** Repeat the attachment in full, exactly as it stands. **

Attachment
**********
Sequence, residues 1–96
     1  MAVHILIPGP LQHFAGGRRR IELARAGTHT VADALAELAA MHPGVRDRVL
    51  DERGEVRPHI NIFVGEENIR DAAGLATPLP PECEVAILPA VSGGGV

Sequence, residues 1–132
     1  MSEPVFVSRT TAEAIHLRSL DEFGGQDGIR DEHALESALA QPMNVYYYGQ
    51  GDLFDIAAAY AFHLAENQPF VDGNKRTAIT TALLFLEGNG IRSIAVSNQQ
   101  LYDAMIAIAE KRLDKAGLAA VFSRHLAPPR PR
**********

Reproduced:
Sequence, residues 1–96
     1  MAVHILIPGP LQHFAGGRRR IELARAGTHT VADALAELAA MHPGVRDRVL
    51  DERGEVRPHI NIFVGEENIR DAAGLATPLP PECEVAILPA VSGGGV

Sequence, residues 1–132
     1  MSEPVFVSRT TAEAIHLRSL DEFGGQDGIR DEHALESALA QPMNVYYYGQ
    51  GDLFDIAAAY AFHLAENQPF VDGNKRTAIT TALLFLEGNG IRSIAVSNQQ
   101  LYDAMIAIAE KRLDKAGLAA VFSRHLAPPR PR